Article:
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Variation of stump volume

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Old 1st June 2006, 12:19 PM
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Default Variation of stump volume

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Dear all,

I would like to share some concerns about transmetatarsal amputation prosthetics due to a difficult case.

Sometimes there are variations of stump volume after transmetatarsal amputation. For example, I have the case of a 60 year old man, diabetic with peripheral vascular disease. A transmetatarsal amputation was performed 8 weeks ago. He came to our center 3 weeks ago for prosthetic. A foot prosthetic was manufactured but the patient has come complaining about pain on the stump. After evaluation, it was noted that a variation of stump volume was present.

Since, it is not an uncommon circumstance. I would like to ask you if there are any predictors for these volume variations. I have not found information on the literature.

Regards,
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Old 3rd June 2006, 02:59 PM
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Not directly related to the above, there may be something here that helps:

Can partial foot prostheses effectively restore foot length?
Prosthet Orthot Int. 2006 Apr;30(1):17-23
Dillon MP, Barker TM
Quote:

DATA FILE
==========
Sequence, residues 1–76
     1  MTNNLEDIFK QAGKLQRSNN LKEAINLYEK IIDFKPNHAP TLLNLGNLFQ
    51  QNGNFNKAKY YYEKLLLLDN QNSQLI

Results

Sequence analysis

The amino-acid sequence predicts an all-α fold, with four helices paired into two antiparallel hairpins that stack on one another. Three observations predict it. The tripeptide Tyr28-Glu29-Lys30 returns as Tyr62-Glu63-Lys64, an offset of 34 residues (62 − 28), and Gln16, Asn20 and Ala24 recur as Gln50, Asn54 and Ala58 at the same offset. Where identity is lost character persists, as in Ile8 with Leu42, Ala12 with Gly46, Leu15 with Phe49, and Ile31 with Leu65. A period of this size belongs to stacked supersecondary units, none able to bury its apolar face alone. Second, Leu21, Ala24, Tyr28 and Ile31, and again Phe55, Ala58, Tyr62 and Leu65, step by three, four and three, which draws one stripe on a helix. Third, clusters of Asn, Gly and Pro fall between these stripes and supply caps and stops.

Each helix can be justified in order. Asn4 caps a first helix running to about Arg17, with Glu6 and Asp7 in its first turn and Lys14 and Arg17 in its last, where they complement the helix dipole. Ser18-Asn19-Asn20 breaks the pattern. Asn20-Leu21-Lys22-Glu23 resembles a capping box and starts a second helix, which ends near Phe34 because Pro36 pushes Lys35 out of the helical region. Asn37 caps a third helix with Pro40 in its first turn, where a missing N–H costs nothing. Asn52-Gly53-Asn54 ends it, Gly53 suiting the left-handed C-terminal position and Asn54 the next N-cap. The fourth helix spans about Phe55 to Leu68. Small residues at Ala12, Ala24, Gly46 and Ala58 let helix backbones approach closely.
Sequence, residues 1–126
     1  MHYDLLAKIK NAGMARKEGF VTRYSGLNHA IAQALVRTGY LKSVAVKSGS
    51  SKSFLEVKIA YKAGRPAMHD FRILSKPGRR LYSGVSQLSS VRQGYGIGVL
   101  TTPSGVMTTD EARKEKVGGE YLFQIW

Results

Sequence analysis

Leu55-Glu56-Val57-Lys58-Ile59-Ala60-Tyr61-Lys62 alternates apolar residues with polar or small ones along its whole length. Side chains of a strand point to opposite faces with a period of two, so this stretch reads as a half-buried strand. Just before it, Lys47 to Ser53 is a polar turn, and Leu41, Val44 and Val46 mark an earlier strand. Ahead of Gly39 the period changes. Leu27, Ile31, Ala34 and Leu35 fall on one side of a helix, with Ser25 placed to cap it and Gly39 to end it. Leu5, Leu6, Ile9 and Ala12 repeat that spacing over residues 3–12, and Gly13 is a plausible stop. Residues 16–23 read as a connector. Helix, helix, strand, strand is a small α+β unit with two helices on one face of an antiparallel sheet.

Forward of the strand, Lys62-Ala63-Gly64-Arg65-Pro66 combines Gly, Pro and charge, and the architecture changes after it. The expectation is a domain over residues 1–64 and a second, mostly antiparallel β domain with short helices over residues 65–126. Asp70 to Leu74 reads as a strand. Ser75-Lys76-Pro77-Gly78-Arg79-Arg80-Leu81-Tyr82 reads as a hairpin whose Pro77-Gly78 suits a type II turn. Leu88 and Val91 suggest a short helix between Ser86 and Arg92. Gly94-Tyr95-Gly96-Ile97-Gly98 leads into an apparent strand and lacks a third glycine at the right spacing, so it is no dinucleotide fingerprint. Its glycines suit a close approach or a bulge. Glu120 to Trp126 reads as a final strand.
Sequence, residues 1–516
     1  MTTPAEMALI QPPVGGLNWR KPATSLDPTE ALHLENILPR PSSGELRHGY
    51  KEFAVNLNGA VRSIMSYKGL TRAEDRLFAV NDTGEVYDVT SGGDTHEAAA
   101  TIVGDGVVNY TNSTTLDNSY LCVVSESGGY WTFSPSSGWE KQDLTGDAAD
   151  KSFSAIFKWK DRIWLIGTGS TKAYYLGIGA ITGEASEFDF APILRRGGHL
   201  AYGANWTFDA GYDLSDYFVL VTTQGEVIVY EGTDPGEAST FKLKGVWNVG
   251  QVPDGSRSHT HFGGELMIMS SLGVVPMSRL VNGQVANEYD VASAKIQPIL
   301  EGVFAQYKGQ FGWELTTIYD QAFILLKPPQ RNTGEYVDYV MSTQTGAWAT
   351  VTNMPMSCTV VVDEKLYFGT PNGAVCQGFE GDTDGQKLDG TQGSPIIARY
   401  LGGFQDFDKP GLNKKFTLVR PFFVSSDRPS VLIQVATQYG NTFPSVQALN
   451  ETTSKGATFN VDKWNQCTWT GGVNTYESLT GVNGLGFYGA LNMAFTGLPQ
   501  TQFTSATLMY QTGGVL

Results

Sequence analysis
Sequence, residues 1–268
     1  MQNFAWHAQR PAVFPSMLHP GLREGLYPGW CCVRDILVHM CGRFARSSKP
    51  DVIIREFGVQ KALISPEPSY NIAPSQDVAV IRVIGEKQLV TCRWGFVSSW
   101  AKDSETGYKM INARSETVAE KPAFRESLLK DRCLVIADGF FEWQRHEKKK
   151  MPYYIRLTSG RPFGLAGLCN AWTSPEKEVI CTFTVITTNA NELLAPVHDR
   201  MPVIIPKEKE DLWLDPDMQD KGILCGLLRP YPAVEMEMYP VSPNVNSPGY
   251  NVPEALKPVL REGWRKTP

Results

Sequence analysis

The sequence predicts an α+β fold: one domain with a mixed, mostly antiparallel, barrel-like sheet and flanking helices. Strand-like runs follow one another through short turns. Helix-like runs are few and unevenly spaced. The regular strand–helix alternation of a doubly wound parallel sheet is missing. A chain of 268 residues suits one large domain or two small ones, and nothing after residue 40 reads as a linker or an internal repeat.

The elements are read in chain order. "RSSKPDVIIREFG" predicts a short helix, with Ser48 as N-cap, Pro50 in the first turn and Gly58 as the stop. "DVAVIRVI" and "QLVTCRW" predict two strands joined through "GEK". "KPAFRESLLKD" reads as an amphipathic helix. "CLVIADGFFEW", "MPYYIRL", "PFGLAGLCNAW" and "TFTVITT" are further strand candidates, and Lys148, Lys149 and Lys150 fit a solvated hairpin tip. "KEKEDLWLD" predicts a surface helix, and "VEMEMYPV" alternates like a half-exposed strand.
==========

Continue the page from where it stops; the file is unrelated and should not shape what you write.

Our understanding of how partial foot prostheses function stems from static force analyses, where assumptions about the location of the ground reaction force during terminal stance have been made. While such assumptions seemed reasonably based on an understanding of normal gait, they are often illogical based on what is observed clinically. As such, the aim of this work was to evaluate the belief that partial foot prostheses are able to restore the effective foot length. Centre of pressure (CoP) excursion data were collected as part of a complete gait analysis incorporating an Advanced Mechanical Technology Inc. force platform. The CoP excursion patterns, observed in a cohort of eight partial foot amputees and matched control subjects, highlight the inability of toe fillers and slipper sockets to restore the 'effective' foot length in transmetatarsal and Lisfranc amputees, whereas clamshell prostheses fitted to the Chopart amputees were able to restore the effective foot length. In the transmetatarsal and Lisfranc amputees, the observed CoP excursion patterns could indicate a learned gait strategy necessary to reduce the requirement of the weak triceps surae musculature as well as spare the sensitive distal stump from extreme forces. The toe fillers and slipper sockets fitted to these amputees may not be stiff enough to support the amputee's body weight or the device may not be designed appropriately to assist the weakened triceps musculature to resist the external moments caused by loading the forefoot. The clamshell prostheses restored the 'effective' foot length due to the rigid toe lever and clamshell socket, which could allow and comfortably support the generation of substantial external moments during terminal stance.
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